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Canadian Innovation Brought to Bosnia

Heroes Remember

Canadian Innovation Brought to Bosnia

I went back to Bosnia and my next job was being the divisional engineer responsible for rebuilding the north western third of Haiti. For that task I had engineers from Canada, Britain, the Netherlands and the Czech Republic plus any local engineers I could find. It was a particularly rewarding task because we managed to get the railways running again. We got a number of bridges rebuilt that had been demolished during the civil war. Schools were re-opened. We got a number of de-mining operations going. One of the things that was a very sad legacy of the civil war was the number of mines that remained in the ground around the country. And the reason there were so many mines was Tito’s defence policy. He didn’t want the Russians invading so every home was its own arsenal so when the civil war broke out folks essentially went to the woodpile, pulled out the rocket launchers, machine guns, mines, whatever else and went off to war. Unlike NATO forces who keep very strict surveyed records of where they put mines in the ground, folks who went off to war with their own personal mines would just lay them around themselves as personal protection and as soon as they would either move on or become casualties the next person would come in and lay additional mines and so you ended up with this very thick belt which snaked its way through the country of incredibly dense minefields and no one knowing exactly where they were other than you don’t go in that patch of woods. It was not uncommon for folks to strictly avoid pieces of ground. They knew where the mines were and we tried to copy their example. Actually I had an Australian major who was doing the overseeing of the teams who were doing the mine removal. Because we were training local folks and one of the Canadian innovations that we were using was explosive detection dogs. Traditional methods of getting rid of mines that are buried in the ground are things like flail tanks. But flail tanks are very destructive to the environment because they actually remove all of the topsoil while they are flailing. They also don’t work very well in thick vegetation or in ditches or other significantly uneven ground. Explosive detection dogs on the other hand do better the longer the mines are in ground because the explosives leaches out into the soil and the dogs can detect it better. So we pioneered that in Bosnia with the local folks and basically passed on the skills of how to train them and continually re-certify them.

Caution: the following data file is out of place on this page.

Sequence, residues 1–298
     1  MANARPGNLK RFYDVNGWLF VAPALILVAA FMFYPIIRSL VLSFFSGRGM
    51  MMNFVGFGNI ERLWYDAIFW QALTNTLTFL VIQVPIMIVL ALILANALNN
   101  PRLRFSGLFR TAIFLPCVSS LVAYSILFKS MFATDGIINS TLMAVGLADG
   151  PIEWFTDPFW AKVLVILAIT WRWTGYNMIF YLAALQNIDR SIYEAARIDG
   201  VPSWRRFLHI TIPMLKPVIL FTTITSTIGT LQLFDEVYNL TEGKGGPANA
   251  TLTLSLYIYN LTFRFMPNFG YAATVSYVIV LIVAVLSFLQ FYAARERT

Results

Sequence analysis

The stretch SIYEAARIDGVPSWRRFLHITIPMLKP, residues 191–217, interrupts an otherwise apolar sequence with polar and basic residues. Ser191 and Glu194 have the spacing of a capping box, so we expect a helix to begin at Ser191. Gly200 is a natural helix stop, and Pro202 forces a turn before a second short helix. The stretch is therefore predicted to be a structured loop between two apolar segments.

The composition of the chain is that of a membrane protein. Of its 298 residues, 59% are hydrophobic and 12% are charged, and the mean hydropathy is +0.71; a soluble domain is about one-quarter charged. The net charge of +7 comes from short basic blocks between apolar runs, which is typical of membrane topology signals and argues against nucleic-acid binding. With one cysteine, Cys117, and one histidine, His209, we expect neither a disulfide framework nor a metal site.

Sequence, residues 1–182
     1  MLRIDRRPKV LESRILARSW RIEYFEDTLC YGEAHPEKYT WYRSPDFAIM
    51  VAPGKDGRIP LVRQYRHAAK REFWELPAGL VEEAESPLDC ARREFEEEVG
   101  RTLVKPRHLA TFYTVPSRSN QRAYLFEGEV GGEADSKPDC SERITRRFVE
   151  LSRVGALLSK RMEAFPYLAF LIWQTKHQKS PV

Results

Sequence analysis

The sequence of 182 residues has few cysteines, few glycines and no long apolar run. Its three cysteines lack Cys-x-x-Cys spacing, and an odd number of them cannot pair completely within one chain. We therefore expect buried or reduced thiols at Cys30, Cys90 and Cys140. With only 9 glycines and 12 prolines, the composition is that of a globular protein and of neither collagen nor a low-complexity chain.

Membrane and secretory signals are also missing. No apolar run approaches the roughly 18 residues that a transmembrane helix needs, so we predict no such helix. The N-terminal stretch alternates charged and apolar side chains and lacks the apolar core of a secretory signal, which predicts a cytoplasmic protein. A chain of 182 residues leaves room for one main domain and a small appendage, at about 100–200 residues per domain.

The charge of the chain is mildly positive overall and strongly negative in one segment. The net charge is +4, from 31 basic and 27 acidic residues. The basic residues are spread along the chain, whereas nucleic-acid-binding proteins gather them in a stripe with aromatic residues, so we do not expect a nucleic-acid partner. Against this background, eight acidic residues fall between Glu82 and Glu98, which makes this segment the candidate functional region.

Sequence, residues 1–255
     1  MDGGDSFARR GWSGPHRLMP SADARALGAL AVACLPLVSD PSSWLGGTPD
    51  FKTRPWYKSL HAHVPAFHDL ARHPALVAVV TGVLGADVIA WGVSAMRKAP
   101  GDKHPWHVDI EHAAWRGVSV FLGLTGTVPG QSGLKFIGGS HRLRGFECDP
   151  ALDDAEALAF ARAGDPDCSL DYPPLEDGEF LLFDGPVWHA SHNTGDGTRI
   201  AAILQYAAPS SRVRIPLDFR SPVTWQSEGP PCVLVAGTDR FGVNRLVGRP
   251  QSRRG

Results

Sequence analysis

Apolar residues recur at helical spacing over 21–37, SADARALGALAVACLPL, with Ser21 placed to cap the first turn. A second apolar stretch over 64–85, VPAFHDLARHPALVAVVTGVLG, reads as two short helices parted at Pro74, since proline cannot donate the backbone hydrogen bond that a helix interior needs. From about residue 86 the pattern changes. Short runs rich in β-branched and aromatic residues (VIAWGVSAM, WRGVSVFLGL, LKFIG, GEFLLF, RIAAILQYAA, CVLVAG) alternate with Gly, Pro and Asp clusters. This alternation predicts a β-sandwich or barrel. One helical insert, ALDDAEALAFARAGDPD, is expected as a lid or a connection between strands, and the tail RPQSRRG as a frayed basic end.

With the use of trained detection dogs, Mr. Mac Culloch explains his role as divisional engineer in clearing landmines.

Wayne Mac Culloch

Wayne Mac Culloch was born in Cape Breton, Nova Scotia, in 1953 and grew up in Quebec. He began his studies at the Royal Military College in Kingston, Ontario, at the age of 18 and would serve as a military engineer in the Canadian Armed Forces for more than 40 years. During his long and varied career, Mr. Mac Culloch served across Canada and took part in three overseas deployments to the Balkans and one to Haiti before being medically discharged with the rank of major. Still having a passion to serve, he went on to work as a civilian employee with the Department of National Defence. Since 2004, Mr. Mac Culloch has volunteered his time and talents to help deliver the “Peace Module” during the Historica Encounters with Canada program in Ottawa. Week after week, he has engaged with youth from coast to coast and educated them about the sacrifices and achievements of Canadians who have served in uniform over the years.

Meta Data
Veterans Affairs Canada
November 9, 2016
Person Interviewed:
Wayne Mac Culloch
War, Conflict or Mission:
Canadian Armed Forces
Canadian Armed Forces

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